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NY/NJ Baykeeper fights for access to fishable, swimmable, clean waterways across the NY-NJ Harbor Estuary.
NY/NJ Baykeeper continues to be at the forefront of many environmental advocacy and legal campaigns.
The NY-NJ Harbor Estuary, also known as the Hudson-Raritan Estuary, is a system of waterways and habitats that form one of the most intricate natural harbors in the world. Since 1989, NY/NJ Baykeeper has worked to protect, preserve and restore the environment of the most urban estuary on Earth.
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Is Your Laundry Adding to Ocean Pollution?
Author: Baykeeper Intern-Anonymous
Using a washing machine for synthetic clothing like nylon, rayon, and acrylic may seem harmless, but various studies have shown links to added plastic pollution in the oceans. Though the amount depends on many factors, each wash of any synthetic, plastic-based fabric releases small amounts of plastic into the sewage system that are not large enough to be picked up by sewage plants and make their way into the output of the plant, most of which empties directly into rivers and oceans around the world.
These plastics are so harmful in the ocean because of their size. Larger plastics like cups and straws only make their way to the top of the food chain, but microfibers, which are so small that they can measure mere millimeters in length and micrometers in diameter, can make their way into the food chain starting from the bottom, so the entire ecosystem is affected.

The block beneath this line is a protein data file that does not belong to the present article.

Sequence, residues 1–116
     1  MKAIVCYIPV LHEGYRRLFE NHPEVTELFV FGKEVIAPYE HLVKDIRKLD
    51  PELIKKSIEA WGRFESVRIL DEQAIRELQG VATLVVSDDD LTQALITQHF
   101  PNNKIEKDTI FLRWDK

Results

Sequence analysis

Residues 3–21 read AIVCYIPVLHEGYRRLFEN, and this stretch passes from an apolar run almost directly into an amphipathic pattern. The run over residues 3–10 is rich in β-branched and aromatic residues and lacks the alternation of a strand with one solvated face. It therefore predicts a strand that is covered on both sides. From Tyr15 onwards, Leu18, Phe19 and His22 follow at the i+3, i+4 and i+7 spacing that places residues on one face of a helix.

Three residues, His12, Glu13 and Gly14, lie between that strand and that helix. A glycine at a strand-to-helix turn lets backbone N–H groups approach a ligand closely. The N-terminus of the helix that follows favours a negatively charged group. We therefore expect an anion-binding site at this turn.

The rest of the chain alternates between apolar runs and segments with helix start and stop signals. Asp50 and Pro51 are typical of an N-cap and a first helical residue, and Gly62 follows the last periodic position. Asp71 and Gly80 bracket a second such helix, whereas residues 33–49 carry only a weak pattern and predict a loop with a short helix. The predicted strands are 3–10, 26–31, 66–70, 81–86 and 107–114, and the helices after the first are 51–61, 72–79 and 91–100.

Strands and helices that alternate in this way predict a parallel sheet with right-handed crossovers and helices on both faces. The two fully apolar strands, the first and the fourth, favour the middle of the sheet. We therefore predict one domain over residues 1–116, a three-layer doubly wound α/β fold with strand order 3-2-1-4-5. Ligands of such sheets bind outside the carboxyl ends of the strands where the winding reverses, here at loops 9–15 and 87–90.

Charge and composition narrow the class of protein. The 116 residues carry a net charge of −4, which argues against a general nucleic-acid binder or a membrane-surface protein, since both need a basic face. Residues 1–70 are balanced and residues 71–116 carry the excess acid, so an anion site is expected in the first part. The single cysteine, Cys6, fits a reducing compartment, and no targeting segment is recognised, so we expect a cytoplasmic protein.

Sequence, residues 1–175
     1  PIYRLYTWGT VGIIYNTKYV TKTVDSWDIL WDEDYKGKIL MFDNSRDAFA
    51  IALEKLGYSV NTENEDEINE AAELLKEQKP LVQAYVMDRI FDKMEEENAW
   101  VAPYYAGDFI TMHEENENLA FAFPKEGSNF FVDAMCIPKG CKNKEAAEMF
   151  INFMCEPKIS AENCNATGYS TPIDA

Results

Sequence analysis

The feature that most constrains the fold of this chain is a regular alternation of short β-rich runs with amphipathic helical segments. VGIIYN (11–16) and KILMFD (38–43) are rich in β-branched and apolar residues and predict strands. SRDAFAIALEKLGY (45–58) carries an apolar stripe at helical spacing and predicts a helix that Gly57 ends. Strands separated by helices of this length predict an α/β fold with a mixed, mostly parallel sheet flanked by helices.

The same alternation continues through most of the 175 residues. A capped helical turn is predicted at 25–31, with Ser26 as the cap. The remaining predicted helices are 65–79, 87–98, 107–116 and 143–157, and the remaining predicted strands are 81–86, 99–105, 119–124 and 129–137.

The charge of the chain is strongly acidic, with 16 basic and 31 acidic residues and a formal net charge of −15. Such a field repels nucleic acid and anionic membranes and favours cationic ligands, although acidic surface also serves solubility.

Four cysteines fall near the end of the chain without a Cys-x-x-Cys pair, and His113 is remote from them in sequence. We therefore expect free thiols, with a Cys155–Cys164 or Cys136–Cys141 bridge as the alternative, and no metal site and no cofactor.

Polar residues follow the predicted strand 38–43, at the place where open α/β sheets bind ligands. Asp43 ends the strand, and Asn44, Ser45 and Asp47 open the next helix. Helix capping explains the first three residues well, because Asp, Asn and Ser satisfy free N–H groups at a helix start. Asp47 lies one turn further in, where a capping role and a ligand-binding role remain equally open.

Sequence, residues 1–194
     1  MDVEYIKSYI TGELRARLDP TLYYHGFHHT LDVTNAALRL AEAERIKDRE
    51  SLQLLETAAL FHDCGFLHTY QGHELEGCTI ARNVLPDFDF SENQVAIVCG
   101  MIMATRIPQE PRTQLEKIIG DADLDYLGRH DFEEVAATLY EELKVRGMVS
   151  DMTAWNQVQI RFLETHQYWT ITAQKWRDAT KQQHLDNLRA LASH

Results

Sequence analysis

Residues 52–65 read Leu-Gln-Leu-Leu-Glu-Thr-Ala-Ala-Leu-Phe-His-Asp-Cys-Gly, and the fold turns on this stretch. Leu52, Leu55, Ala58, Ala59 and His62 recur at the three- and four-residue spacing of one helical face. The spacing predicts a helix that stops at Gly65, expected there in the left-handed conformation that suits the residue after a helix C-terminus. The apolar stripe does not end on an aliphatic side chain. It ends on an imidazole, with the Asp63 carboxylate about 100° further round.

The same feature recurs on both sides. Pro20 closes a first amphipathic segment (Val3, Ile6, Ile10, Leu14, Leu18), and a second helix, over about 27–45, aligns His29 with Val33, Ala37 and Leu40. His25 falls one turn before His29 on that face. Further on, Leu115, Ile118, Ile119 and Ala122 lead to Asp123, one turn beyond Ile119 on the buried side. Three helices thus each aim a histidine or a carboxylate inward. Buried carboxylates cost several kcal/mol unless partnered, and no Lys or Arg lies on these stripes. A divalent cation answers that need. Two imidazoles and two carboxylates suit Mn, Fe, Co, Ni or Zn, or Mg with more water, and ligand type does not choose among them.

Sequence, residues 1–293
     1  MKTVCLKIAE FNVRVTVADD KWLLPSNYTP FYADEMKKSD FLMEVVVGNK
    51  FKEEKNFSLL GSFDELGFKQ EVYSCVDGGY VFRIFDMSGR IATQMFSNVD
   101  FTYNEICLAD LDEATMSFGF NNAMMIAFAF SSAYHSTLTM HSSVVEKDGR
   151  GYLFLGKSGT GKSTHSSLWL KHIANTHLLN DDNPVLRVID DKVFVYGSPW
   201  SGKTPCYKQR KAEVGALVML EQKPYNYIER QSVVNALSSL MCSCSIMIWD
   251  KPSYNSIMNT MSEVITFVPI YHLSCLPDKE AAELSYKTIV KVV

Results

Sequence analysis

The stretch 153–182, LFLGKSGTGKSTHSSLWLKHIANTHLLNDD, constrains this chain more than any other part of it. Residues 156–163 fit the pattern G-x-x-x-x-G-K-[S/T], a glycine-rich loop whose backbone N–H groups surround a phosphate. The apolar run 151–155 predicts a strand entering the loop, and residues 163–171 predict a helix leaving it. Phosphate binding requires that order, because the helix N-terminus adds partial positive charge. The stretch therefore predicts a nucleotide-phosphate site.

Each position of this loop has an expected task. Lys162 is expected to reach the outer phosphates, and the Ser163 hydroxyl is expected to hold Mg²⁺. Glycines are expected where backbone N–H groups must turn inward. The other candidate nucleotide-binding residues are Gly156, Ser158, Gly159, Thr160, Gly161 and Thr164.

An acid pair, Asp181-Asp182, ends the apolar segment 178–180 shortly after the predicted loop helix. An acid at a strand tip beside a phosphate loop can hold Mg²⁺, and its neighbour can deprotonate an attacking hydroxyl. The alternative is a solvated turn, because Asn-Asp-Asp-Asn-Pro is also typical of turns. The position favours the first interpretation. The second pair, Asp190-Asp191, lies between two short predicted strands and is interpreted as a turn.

Many solutions to the problem also bring up their own environmental issues. Increasing the size of the filters at the sewage plant would take the microfibers out of the ocean directly, but would also group the microfibers into fertilizer, where they would invade land ecosystems. Buying less synthetic clothing is also an issue, not only because natural fibers require a large water use to grow to an adequate amount, but also because plastic clothes are usually much cheaper, making clothing made purely of natural fibers a luxury that is not financially feasible for everyone.
Vox suggests changing the washing machines themselves. Even without adding a filter, a study found that there are differences in the amount of microfibers released depending on the orientation of the machine, with top loading machines releasing seven times the amount of fibers as front loading washing machines. Different styles of plastic clothing also release different amounts of fibers, with more tightly woven clothes releasing exponentially less microfibers into the sewers.
Recognizing the issue and making steps to change the amount of plastic microfibers being dumped into the ocean each day is a huge step to lowering pollution, and one way to do that is to change the way that we handle synthetic fibers in a way that everyone can afford.